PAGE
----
How to Set Up a Third Party Special Needs Trust

It is not uncommon for individuals to receive money through gifts or inheritance. In some instances, the intended beneficiary of these funds has special needs. When this is the case, it may be appropriate to set up a third party special needs trust to administer the assets. This can be an excellent way to help protect your loved ones’ eligibility for needs-based programs like Medicaid and SSI.

In order to set up a third party special needs trust, you will first need to find an attorney who specializes in trusts and estate planning. You will want to make sure that the attorney you work with has experience with special needs trusts.

Then, you will need to gather all necessary information about the assets of the trust and the intended beneficiary. This may include identifying where any assets are currently located, how they were obtained, and what their value is. You will also need to gather background information about the beneficiary of the trust, including their current income level as well as their medical history and diagnosis.

Once you have gathered all necessary information about both parties involved in your special needs trust, you can meet with your attorney.

A third-party special needs trust is a trust established by someone other than the beneficiary of the trust. This type of trust, also known as a supplemental needs trust, allows a person (the grantor) to create a fund that is used to supplement the public benefits received by someone (the beneficiary) with special needs.

A third-party special needs trust protects the assets in the trust from being counted as an asset of the beneficiary for purposes of determining eligibility for Supplemental Security Income (SSI) and Medicaid. The assets held in these types of trusts are not considered countable resources for purposes of determining SSI or Medicaid eligibility.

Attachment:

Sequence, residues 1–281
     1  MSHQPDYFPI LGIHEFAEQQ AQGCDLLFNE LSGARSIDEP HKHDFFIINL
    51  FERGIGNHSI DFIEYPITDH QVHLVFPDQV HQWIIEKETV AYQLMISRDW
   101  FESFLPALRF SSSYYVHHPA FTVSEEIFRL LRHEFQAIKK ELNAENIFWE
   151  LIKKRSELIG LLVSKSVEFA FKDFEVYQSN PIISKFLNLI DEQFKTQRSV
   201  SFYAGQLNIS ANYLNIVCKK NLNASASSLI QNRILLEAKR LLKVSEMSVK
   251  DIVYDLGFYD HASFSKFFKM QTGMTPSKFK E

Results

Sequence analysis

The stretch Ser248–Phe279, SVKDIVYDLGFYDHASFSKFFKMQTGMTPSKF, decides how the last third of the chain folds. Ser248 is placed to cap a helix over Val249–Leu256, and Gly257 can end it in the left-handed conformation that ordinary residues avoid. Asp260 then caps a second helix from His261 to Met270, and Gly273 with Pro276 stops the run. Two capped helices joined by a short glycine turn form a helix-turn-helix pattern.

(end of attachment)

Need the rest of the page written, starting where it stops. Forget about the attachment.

Typically, parents, grandparents and other close relatives establish third-party special needs trusts to provide for their disabled loved ones after their death. The money in this type of trust is paid out only for things that would complement and supplement what government services already provide. Parents who are worried about losing Medicaid coverage for their disabled children may want to consider this type of trust as well.

A third-party special needs trust is a legal document that allows a third party—such as a family member or friend—to set aside funds for the care of a person with special needs without interfering with his or her eligibility for government benefits like Medicaid and Supplemental Security Income (SSI). The beneficiary will receive any income from investments made through his or her trust account but won’t have access to principal unless it’s deemed necessary by the trustee.

The first step in creating this type of trust is finding someone who will act as your agent for managing all financial decisions related to caregiving costs; this person may also be referred to as a “guardian,” “executor,” or “trustee.”

Third party special needs trusts are irrevocable and can be set up by anyone. They are called “third party” because they are funded by someone other than the disabled beneficiary. The reason to set up this type of trust is to protect assets that would otherwise count against the beneficiary when applying for certain benefits, such as Medicaid.

If you have a child with special needs, you may want to start putting money into a third party special needs trust. This money could go towards things that the government does not pay for, such as educational opportunities, medical care, recreation, and so on. You might worry that having money in your child’s name will disqualify them from receiving government benefits or interfere with their eligibility.

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